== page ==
Anita Dongre, the designer who broke societal stereotypes to be an entrepreneur

3rd Mar 2014
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For 50-year-old Anita Dongre, life has been an interesting journey as a woman. She was born in a traditional Indian household where women played all the stereotypical roles that society expects them to. Her cousins, aunts, sisters and other women in the extended family were happy being wives and mothers. But despite being born in a traditional household, life had different plans for Anita.

“I grew up in a fairly traditional Sindhi family. My grandparents were from Jaipur. I spent lot of my summer vacations in Jaipur and even as a child I noticed how restrictive the environment was for my cousins there. My father moved to Mumbai just a few months before I was born. Mumbai was a very different place. Here women had careers, and were entrepreneurs,” recalls Anita. There were no women entrepreneurs in her family. None of the women in her extended family of 50 cousins ever worked anywhere. So when Anita took up a job after her internship, everyone in the family was shocked. “There was total shock and I was subjected to a lot of counselling. Back then it was assumed that if a woman wanted to work it meant that her family was unable to look after her financially,” says Anita.

But now all that seems a long time ago. Today, Anita Dongre is among the foremost fashion designers in the country and has dressed many well-known and unknown faces. HerStory caught up with this super seamstress to chalk her entrepreneurial journey.

The beginning

Compared to what lay ahead in her life as an entrepreneur, family objections were perhaps the most easy to tackle. Anita’s pull towards fashion happened at a very young age, when she saw the women in her house create beautiful stuff with fabrics. Her mother Pushpa Sawlani was a skilled artist, who stitched clothes for Anita and her siblings when they were young.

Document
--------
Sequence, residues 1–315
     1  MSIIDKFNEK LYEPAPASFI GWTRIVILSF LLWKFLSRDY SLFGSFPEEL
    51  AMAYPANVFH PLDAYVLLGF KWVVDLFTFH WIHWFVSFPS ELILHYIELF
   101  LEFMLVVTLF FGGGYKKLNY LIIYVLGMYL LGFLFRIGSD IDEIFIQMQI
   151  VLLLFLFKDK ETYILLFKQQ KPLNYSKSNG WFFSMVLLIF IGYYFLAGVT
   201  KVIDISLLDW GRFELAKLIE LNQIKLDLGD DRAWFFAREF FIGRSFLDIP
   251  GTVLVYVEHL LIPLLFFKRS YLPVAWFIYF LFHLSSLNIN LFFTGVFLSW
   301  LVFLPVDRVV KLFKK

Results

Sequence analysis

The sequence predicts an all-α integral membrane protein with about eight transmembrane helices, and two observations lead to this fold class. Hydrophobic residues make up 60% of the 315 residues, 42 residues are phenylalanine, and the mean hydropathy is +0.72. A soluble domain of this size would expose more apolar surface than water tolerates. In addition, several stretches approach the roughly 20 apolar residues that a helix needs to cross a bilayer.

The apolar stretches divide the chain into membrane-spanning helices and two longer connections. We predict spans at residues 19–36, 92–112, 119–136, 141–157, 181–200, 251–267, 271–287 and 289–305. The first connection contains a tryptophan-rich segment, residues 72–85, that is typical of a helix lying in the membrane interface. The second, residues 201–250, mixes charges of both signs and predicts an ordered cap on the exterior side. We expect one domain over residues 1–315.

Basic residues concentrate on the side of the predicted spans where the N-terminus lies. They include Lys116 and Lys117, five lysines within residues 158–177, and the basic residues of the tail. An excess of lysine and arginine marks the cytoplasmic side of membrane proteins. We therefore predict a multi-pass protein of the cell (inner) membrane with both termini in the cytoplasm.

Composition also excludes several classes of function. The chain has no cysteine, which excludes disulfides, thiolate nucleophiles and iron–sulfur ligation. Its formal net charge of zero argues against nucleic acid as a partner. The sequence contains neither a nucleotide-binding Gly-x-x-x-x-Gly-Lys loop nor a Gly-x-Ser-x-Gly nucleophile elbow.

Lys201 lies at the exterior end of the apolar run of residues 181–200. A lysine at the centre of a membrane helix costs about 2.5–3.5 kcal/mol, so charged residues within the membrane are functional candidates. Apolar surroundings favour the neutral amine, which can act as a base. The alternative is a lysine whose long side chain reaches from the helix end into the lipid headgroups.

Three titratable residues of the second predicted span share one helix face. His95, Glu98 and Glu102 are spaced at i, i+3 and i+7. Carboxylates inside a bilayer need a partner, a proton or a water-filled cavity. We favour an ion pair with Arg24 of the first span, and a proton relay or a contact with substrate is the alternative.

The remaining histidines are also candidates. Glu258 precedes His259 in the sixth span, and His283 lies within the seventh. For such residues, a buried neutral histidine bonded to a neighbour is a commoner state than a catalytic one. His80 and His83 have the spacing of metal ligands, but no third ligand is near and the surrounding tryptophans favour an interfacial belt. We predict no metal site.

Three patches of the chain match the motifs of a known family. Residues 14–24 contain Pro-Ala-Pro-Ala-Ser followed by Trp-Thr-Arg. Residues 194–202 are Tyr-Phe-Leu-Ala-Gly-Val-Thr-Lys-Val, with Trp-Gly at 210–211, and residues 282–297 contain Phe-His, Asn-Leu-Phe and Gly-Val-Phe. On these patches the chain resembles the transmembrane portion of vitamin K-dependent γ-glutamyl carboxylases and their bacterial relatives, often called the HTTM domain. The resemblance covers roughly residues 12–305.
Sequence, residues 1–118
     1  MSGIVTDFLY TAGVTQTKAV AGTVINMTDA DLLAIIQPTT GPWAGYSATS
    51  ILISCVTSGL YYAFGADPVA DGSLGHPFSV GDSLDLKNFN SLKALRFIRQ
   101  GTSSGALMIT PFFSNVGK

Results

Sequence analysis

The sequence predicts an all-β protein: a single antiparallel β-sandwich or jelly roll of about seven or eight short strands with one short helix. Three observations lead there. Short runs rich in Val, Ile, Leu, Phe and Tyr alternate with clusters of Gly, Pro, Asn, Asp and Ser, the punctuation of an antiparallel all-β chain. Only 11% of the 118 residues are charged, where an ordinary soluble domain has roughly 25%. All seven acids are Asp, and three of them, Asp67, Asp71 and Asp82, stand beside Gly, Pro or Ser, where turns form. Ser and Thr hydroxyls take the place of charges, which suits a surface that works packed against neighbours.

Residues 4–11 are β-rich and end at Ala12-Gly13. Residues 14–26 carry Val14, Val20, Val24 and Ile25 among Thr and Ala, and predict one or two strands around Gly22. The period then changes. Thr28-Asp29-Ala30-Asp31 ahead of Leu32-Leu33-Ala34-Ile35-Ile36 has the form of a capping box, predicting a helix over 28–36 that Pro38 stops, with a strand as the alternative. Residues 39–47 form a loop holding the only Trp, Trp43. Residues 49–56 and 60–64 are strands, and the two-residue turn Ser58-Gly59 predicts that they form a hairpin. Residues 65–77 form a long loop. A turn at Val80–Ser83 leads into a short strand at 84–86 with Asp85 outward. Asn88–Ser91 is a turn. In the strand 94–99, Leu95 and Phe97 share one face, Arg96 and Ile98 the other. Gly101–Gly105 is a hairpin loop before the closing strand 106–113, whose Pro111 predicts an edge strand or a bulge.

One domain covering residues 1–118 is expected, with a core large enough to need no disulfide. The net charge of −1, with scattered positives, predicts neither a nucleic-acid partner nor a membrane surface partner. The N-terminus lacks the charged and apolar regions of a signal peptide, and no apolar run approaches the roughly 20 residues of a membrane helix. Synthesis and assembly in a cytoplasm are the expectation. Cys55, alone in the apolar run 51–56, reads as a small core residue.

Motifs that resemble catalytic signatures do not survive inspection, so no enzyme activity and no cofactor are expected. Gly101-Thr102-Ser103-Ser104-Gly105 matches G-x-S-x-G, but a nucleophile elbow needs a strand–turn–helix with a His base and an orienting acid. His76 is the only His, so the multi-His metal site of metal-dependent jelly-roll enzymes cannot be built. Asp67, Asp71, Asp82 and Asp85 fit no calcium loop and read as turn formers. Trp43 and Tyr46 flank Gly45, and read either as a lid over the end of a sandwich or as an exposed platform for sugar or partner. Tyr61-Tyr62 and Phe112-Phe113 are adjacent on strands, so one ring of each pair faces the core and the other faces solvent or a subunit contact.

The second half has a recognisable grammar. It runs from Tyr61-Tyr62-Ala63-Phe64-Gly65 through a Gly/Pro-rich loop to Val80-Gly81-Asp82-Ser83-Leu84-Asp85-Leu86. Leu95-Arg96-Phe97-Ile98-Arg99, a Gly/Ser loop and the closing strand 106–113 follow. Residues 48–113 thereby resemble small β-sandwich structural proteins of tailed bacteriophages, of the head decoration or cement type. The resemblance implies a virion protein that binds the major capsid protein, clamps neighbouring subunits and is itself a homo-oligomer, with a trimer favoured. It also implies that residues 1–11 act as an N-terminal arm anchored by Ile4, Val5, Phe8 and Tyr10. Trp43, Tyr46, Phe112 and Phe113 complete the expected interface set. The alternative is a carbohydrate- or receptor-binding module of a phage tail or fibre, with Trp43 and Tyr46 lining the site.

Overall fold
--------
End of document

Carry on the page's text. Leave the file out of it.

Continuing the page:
Anita (2) 1

Next step towards her dream was a degree in fashion from SNDT University, Mumbai. “Design and fashion was the only thing that interested me even as a 15-year-old. Many friends whom I studied commerce with in NM college, became chartered accountants. But I found that very boring. Only fashion excited me. So I was sure this was what I was going to do,” says Anita.She started the business with her younger sister in a small 300 square foot area and few years down the line her younger brother joined the business too. The initial years were tough, because they didn’t have a place to work from and had to constantly move from place to place. “There have been tough times and in those early years I did think of giving up a couple of times, but that was very momentary. I would wake up in the morning and say, what the hell, I will do it,” recollects Anita. There were times when their landlord threw them out because they failed to pay their rent, she claims.

“Money was a huge problem in the first few years. But after that, it was ok. I think for an entrepreneur everyday is a challenge. Everyday throws up new challenges. Even today at this stage I face challenges daily but I think you just have to learn to deal with them,” she adds.

Her business acumen

While fashion is her love, Anita Dongre has also been very focused in the way she did business. Today, her company is called AND Designs India Ltd (ADIL) and it has four labels under it. AND was launched in 1999 and retails western wear, Global Desi, launched in 2007, sells ethnic wear, Intrepret is a line of everyday clothing, Timeless is bridal wear and Grassroot stands for organic fashion. However, Anita says she doesn’t spend much time strategizing or drawing business plans when it comes to launching new product lines.

Following her heart has been her strategy for expansion. Even the reason to launch her own brand was because the stores where she would supply her clothes to refused to take her creations of western wear. “About 14-15 years ago I created a collection of clothes I really liked which catered to the growing population of young women who had started working and were open to experimenting with western outfits. But none of the shops I supplied to would accept it. I got so angry that I decided I will do this myself, and that’s how Anita Dongre Designs was born,” says the designer with a smile.